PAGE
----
Category Archives: General
FOX debuted its creepy entry into its fall lineup on September 23. The Exorcist has come to the small screen, over 40 years after the film became a classic on the big screen. Is it worth watching?
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Chris Pratt and Denzel Washington were a wild and winning combination this weekend at the box office, as their new film scored with audiences. Here’s what went down:
The Magnificent Seven proved to big a hit, debuting in first place at the box office with a strong $35.4 million. This showing is director Antoine Fuqua’s biggest opening ever, and the second best western debut after Cowboys and Aliens $36 million (and you could argue that that film was more science fiction than western). The Magnificent Seven had a budget of $70 million and should wind up a profitable endeavour by the time its run is complete. Read the rest of this entry
Will a high profile remake of a classic western find favour with an audience this weekend, or will families see what the stork delivers? Here’s our prediction:
The Magnificent Seven is a remake of the classic 1960 western, with an incredible cast that reunites Training Day director Antoine Fuqua with his stars Denzel Washington and Ethan Hawke. Throw in recently minted mega-star Chris Pratt and you have all the makings of a big hit. Even with some lacklustre reviews, the names attached here are big enough to guarantee a solid opening weekend. Look for The Magnificent Seven to debut in first place with $48 million.
Through the generosity of FOX and Grim Philly Twilight Tours, I was lucky to attend a screening of the new television show The Exorcist. I admit I was skeptical on how a movie many regard as the scariest of all time could be turned into a television show. Should you be compelled to watch the series, or is this something we’ve seen before?
It was a complete and utter disaster at the box office for one big new release this weekend. When we’re wrong, we go balls out wrong. Here’s what went down:
For the second weekend in a row, Sully was number one at the box office, bringing in an estimated $22 million. The film has now brought in $70 million, making back its budget and giving Tom Hanks and Clint Eastwood a nice little hit on their hands.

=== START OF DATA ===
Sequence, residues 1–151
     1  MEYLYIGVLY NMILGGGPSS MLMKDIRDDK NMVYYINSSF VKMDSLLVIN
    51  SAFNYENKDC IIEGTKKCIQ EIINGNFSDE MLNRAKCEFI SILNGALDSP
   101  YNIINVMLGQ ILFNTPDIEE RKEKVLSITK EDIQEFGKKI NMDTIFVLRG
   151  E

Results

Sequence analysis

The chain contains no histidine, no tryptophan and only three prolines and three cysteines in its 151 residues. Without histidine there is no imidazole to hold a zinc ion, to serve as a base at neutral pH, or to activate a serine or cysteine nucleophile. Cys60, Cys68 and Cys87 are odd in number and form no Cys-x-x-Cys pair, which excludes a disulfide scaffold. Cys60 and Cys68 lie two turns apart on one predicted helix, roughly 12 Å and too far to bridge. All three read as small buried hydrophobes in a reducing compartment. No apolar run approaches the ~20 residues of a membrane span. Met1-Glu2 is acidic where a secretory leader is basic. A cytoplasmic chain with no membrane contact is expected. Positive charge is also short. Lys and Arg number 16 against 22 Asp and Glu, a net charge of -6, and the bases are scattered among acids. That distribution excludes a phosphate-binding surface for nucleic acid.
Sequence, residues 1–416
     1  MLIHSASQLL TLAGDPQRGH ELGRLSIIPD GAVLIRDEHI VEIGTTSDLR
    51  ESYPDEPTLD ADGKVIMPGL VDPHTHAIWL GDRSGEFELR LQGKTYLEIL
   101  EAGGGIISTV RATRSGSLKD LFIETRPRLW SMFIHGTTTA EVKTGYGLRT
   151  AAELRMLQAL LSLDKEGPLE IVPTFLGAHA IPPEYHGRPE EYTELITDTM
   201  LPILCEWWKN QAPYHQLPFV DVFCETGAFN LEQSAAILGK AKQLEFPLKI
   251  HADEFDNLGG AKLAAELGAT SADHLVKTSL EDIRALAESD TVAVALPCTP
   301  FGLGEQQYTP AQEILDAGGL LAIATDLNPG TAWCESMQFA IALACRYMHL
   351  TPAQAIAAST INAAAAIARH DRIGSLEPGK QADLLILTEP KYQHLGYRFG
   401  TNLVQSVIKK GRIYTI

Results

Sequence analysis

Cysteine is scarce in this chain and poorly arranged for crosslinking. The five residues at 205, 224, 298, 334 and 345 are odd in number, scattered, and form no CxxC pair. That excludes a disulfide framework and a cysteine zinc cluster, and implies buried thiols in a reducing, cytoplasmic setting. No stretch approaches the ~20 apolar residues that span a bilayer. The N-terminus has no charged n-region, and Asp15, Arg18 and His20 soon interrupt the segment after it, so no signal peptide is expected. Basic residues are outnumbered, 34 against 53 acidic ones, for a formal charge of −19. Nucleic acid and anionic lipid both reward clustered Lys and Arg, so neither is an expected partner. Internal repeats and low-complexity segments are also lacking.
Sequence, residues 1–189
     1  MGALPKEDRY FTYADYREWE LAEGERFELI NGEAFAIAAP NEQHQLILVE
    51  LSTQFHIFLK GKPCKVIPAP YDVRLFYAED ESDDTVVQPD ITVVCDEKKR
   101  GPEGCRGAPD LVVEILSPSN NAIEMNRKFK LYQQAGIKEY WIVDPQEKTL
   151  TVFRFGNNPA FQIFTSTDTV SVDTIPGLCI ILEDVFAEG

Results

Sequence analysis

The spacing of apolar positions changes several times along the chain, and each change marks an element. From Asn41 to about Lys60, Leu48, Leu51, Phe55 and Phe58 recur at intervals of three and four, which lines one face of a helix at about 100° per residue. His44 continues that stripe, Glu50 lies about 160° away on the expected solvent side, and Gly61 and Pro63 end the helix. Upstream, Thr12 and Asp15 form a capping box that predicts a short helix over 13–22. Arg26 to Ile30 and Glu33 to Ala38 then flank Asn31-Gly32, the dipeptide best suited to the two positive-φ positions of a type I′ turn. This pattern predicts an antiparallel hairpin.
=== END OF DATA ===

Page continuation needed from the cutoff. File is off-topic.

The big Hollywood musical is alive and well. Sure, it’s an endangered species, but Damien Chazelle’s vibrant La La Land is about as fine a specimen as you can find. Chosen by Toronto’s filmgoing horde as the best film at TIFF this year, La La Land is a throwback tour de force.
Rising from the ashes, a venerable horror film gets another sequel. 20 years later, are audiences still up for scare in the woods? Here’s our prediction:
Blair Witch is a direct sequel to the 1996 smash found footage film that scared the hell out of moviegoers (a follow-up, Book of Shadows: Blair Witch 2, is essentially being ignored). In this movie, new character Josh goes in search of his long-missing Heather, the filmmaker seen in the original film. Adam Wingard is the director this time out and is certainly a strong choice, based on his outstanding work so far (go watch You’re Next if you haven’t seen it). While reviews haven’t been strong for Blair Witch, there no doubt is an audience that is absolutely jonesing to see this film. Look for a first place showing with $45 million.
The Brothers Grimsby
Starring Sacha Baron Cohen and Mark Strong
Directed by Louis Leterrier
Though it was a critical and commercial disaster upon its release in North America earlier this year, The Brothers Grimsby is actually a fairly funny film, if you’re in the mood for Sacha Baron Cohen’s extreme brand of gross-out comedy. In The Brothers Grimsby, Cohen and Strong play long lost brothers – one is a football hooligan, the other a secret agent. If you can’t figure out which is which, I just can’t help you out. Director Leterrier crafts an outstanding opening action scene and keeps the film moving quickly, while Cohen and Strong work very nicely of one another. There is some seriously gross-out humour happening on-screen, but if you can stomach it, you’re guaranteed some decent laughs.
Werner Herzog is a living legend, a madman director who insists he’s “the only sane filmmaker.” The director of the eighties remake of Nosferatu and the surreal “let’s drag an entire steamship over a mountain” movie Fitzcaraldo (plus countless others) has largely turned his attention to documentary in the past twenty years. His latest explores a subject close to his fevered, compulsive mind. Into the Inferno follows Herzog and co-director and vulcanologist Clive Oppenheimer as they traipse around the globe, visiting the world’s mightiest volcanoes.